The internal program was trialed in Semester 2 1997 and fully implemented within the university in Semester 1 1998. However the existing distance program followed the old lecture /laboratory format which provided lecture notes for students studying and required on campus attendance for the laboratory component at least once during the semester. Our aim was to parallel the learning experience which we had successfully developed for students studying internally and in addition, to allow students to complete the unit without having to come to the campus. This meant that we wanted distance students to be active learners who collaborated with other students in the unit to complete activities and assessment. To achieve this we modified the sessions in the unit workbook, developed mechanisms for collaboration between students and developed a resource kit to allow students to complete the practical activities without on campus contact.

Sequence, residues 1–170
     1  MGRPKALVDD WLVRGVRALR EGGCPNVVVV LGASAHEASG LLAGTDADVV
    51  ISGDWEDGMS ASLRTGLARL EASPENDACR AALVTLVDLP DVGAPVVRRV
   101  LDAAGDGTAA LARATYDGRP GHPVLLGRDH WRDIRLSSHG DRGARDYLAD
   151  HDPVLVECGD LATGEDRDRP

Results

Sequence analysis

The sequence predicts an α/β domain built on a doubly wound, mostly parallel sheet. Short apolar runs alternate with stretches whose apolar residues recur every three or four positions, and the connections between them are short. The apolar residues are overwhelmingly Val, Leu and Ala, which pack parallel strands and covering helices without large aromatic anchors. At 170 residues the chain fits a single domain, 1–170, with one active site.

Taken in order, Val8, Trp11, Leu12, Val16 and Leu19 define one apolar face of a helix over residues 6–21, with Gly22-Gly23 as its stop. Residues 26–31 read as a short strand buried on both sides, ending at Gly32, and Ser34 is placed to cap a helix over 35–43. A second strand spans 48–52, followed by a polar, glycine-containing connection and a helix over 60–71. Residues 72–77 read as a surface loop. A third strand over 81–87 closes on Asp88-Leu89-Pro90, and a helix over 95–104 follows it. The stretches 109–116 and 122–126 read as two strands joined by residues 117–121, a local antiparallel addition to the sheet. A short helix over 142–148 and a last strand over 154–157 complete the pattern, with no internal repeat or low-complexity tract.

Workbook: Session modification

Where possible we paralleled the on campus activities, for example, where on campus students use a science drama to role play the formation of a small protein, distance students build a jigsaw to produce the same protein. Where on campus students work in pairs to collect anthropometric data and collate these data into a class set, distance students engage a "helper" to collect their data and then add it to a class data set for analysis. We provided infobytes as notes or guided readings and questions and gave specific text references for completion of activities and questions.

Collaborative mechanisms

We decided that the units practical resources and collaborative mechanisms would be offered through the internet and via CD-ROM. Thus we required students to have or be able to access a computer with CD-ROM, access the Internet and email in order to complete the unit. We also put them into "virtual" groups of three students.

The university has a mechanism for working with distance students through WebCT. Web CT allows us to provide each virtual group with chatroom access. All distance students in the unit can interact via a Bulletin Board both with other students and with their tutor and can also submit data and evaluations through the "quizzes and survey" facility.